More than 20 years after his death, a line from New York investor Louis Glickman seems remarkably prescient when considering how 2022 has unfolded so far: "The best investment on Earth is earth."
In Canberra, that saying couldn't ring more true as the housing market reaches new record highs and has spilled into land sales, a sought-after purchase that buyers are paying top dollar for.
According to Domain data, the median price for a block of land in Canberra in 2021 was $460,000.
Across Canberra regions, the median land sale price in the Inner North was $330,000 - the most affordable of all the regions - and in Molonglo Valley it was $515,000 - the most expensive.
The data takes into account every land sale across the capital, including those in the new suburbs.
But buyers would now have to dig deeper into their pockets to secure existing land sales, according to current Allhomes listings.
For instance, in Strathnairn, Canberra's newest suburb, a 669-square metre block at 32 Rachel Makinson Street has a $720,000 price tag, said selling agent Nathan Burraston of Francis Properties Canberra.
It is on the market for the second time because the previous prospective buyers "weren't able to achieve a new build on the block", he said.
"But since relisting it, we've had five to six inquiries per week for it. "Funnily enough, we'd [usually] have a mix of inquiries from investors, developers and families but I would say all the inquiries we've had for this block have all been from families who want to build their forever homes on it."
The parcel, which is on the market via private sale, is likely to nudge upwards of its current asking price when it sells, Mr Burraston added.
Another parcel of land covering just 328 square metres at 3 Cygnet Crescent, Red Hill, is on the market for $1.15 million.
According to the selling agent, Linda Lockwood of Belle Property Canberra, land in Canberra's Inner South is scarce.
"We've sold a similar block that's slightly bigger for a lot more," she said. "This is an offering in a premium suburb and has the capacity to build quite a substantial home on it.
"Sometimes it's cheaper to build a totally new home than knocking down, rebuilding or renovating a house."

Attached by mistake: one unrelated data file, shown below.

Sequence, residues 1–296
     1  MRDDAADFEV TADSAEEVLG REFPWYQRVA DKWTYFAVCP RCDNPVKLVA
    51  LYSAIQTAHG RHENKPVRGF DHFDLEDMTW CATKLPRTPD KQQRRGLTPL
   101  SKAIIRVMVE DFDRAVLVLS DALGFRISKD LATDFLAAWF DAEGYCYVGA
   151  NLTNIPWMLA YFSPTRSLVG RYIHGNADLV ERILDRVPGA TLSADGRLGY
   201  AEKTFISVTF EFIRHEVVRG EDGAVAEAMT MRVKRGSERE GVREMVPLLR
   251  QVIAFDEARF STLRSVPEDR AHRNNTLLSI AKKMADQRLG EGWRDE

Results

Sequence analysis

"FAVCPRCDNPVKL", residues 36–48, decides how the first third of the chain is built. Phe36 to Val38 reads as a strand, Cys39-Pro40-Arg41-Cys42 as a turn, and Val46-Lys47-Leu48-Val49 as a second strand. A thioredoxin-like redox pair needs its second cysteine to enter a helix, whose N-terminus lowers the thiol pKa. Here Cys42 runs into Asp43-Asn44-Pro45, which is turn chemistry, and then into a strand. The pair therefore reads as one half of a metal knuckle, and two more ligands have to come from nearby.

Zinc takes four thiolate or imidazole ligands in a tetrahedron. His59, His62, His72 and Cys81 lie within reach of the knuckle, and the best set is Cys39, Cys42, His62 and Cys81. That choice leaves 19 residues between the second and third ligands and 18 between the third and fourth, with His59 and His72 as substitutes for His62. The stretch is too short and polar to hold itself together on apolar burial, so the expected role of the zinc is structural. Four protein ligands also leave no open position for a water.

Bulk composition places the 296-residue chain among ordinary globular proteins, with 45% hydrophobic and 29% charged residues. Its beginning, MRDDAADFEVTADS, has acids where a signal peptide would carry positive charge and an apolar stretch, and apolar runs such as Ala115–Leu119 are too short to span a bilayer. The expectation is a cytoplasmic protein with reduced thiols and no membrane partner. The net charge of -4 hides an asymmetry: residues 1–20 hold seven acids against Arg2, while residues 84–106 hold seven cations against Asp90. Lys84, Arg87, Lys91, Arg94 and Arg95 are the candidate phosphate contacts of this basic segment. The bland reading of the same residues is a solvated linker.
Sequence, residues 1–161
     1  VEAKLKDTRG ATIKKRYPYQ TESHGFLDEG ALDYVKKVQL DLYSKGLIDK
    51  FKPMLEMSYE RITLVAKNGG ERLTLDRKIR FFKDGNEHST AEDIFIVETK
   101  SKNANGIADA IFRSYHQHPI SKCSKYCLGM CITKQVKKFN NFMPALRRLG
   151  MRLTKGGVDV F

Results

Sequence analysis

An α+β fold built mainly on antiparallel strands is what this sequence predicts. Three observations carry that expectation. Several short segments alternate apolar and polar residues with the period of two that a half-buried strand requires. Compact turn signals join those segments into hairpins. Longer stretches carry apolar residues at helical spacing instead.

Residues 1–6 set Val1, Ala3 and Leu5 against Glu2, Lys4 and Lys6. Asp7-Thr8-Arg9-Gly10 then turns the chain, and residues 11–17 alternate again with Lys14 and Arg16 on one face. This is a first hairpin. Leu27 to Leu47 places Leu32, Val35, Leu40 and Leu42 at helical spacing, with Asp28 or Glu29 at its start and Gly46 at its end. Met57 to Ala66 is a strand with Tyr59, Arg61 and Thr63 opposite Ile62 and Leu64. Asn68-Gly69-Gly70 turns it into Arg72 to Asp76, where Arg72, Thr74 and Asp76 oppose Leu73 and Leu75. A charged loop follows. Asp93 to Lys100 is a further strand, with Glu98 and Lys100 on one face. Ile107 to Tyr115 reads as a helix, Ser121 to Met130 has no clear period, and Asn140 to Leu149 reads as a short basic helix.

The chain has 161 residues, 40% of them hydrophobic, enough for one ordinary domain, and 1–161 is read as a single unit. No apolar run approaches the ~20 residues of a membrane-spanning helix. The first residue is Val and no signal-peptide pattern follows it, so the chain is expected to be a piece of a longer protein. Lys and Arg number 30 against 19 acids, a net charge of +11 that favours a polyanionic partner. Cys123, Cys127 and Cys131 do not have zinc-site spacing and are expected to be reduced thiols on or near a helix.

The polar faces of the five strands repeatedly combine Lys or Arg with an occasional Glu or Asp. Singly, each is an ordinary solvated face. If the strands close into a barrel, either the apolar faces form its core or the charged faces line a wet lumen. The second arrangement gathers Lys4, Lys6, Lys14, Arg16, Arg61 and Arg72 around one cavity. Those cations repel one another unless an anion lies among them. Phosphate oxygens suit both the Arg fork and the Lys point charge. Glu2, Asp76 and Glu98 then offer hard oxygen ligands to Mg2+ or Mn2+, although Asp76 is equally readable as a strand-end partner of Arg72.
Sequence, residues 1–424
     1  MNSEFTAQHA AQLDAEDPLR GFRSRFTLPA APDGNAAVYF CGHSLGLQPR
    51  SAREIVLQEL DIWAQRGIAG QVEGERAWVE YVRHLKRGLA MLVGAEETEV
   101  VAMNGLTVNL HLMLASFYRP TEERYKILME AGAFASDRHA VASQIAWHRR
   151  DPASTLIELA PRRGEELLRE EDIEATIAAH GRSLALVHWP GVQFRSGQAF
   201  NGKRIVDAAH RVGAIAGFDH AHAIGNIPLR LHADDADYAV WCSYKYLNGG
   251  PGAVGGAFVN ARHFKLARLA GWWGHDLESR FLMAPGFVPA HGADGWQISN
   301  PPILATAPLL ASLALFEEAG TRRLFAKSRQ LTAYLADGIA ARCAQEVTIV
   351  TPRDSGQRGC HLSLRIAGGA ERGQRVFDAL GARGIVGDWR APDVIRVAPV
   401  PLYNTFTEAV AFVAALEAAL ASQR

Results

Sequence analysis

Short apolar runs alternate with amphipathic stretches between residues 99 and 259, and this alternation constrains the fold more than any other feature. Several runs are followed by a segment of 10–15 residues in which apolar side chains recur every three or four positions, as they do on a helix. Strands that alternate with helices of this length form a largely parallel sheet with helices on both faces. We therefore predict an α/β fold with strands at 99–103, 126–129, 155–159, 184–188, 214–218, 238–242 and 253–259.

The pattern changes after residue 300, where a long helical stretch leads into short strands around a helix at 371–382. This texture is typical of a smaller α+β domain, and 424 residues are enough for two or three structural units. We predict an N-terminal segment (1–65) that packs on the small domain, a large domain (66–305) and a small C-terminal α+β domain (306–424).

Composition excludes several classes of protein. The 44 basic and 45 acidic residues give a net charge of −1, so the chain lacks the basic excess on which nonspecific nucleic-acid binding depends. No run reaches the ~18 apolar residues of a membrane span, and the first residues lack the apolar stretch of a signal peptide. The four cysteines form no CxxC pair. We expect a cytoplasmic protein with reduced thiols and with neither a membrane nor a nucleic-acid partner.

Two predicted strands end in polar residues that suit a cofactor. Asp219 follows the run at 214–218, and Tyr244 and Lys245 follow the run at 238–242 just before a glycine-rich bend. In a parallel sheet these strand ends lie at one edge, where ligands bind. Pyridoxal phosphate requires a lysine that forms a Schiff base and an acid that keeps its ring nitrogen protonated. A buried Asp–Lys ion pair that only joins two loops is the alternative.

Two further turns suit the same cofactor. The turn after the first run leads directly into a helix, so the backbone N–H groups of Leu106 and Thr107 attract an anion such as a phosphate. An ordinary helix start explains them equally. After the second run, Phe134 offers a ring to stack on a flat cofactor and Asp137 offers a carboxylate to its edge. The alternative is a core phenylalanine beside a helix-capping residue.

Government records show the parcel was first purchased in 2020 for $620,000. It has almost doubled in value in just two years.
"Land is a rare commodity and demand is much greater than supply," Ms Lockwood said. "[The ACT government] just isn't releasing as much anymore,"
This comes after a recent land ballot for detached housing in Macnamara brought in 12,300 applicants for 71 blocks.
According to the ACT government's Indicative Land Release Program, 4666 blocks will be released in 2021-22 and a further 3620 in 2022-23.
Mr Burraston called for more land releases to cater to the heightened demand.
"We have thousands of people who want detached dwellings and with a population that's expected to increase over the next five years, if 85 per cent would like a detached house, we're going to have a shortage of tens of thousands of blocks," he said.
But an ACT government spokesperson told Allhomes that "there is no realistic acceleration of land releases that would offset these drivers of increased demand".
The spokesperson said the territory government had maintained its land supply despite the economic cycles and the pandemic.
The ACT government recently purchased two blocks of rural land in NSW that will form part of the cross-border district of Ginninderry and will consider further land purchases each year as part of the Indicative Land Release Program to accompany the Territory budget.
"It is a reality around Australia and around the world that demand for property is at record levels," the spokesperson said.
"While we're doing everything we can to meet Canberra's demand, we have to be realistic and recognise that this is not just a question of supply.
"Addressing this challenge requires the active participation of governments at all levels; while Commonwealth tax concessions remain structured the way they are, we continue to fight an uphill battle."
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